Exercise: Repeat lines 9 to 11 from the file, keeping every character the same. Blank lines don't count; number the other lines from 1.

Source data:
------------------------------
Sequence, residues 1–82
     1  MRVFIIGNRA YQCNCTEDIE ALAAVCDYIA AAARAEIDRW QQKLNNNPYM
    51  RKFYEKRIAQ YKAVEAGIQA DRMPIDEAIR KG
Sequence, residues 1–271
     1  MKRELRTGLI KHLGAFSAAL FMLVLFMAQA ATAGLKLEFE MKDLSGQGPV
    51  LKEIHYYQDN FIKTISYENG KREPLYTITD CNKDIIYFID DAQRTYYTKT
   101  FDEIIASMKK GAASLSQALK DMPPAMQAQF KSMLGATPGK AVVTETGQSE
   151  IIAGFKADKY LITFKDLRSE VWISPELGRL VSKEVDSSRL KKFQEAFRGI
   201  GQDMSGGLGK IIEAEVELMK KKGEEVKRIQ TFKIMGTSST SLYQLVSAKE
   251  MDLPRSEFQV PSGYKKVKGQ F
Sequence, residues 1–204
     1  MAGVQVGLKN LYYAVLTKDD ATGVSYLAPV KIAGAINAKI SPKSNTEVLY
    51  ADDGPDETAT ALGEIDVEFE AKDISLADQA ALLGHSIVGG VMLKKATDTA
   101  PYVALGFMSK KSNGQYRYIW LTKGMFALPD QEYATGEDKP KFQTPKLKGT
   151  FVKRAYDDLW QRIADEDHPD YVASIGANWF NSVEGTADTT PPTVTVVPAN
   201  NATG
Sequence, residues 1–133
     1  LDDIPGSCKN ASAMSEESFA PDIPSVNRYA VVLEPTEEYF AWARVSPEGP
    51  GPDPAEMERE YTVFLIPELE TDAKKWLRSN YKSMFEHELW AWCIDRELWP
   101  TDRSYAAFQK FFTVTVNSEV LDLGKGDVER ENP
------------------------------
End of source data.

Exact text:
   201  GQDMSGGLGK IIEAEVELMK KKGEEVKRIQ TFKIMGTSST SLYQLVSAKE
   251  MDLPRSEFQV PSGYKKVKGQ F
Sequence, residues 1–204